Theatre of Subversion: Carlile's Rotunda and Captain Swing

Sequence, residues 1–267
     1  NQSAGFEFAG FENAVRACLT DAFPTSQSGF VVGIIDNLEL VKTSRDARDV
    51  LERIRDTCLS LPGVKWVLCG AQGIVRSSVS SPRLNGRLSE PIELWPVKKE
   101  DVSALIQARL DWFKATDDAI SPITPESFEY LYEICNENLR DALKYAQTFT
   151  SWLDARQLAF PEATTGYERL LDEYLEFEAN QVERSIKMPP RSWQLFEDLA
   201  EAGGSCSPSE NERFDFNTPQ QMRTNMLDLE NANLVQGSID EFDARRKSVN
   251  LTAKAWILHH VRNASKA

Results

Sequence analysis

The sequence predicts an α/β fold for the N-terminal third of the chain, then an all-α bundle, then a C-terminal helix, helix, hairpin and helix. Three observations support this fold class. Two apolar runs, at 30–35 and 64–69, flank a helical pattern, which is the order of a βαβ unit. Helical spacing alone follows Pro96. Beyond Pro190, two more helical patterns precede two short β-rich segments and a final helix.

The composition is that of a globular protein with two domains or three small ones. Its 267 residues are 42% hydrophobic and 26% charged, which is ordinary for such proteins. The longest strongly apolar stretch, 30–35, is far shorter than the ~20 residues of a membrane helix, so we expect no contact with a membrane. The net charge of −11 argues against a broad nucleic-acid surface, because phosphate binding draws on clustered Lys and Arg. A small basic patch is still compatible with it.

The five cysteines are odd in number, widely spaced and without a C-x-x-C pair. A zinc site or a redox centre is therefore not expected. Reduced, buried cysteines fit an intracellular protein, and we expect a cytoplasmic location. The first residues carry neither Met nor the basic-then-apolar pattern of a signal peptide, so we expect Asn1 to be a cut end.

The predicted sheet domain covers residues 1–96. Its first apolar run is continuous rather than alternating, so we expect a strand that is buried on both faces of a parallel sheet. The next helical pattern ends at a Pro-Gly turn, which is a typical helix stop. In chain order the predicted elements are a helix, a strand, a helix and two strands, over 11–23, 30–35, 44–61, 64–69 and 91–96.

This chapter examines the veteran radical pressman Richard Carlile’s retro-conversion in 1830 of The Rotunda, Blackfriars Road, into a theatrical space for acting. Belatedly, Carlile had realized the potential of drama for reaching the plebeian audiences he sought. With his atheistical and republican programme of lectures failing, he turned to his more colourful associate, Robert Taylor (known as ‘Robert the Devil’), a faux clergyman turned atheistical demagogue. His spoken drama, Swing; or, Who are the Incendiarists?, not only flouted the patentees, but coincided with the ‘Captain Swing’ riots and agricultural disturbances. A Home Office spy filed a report for every performance of Swing (save for the first night) and his testimony in the National Archives, together with a close analysis of the drama, provides a unique insight into how politics and drama had become inextricably linked.
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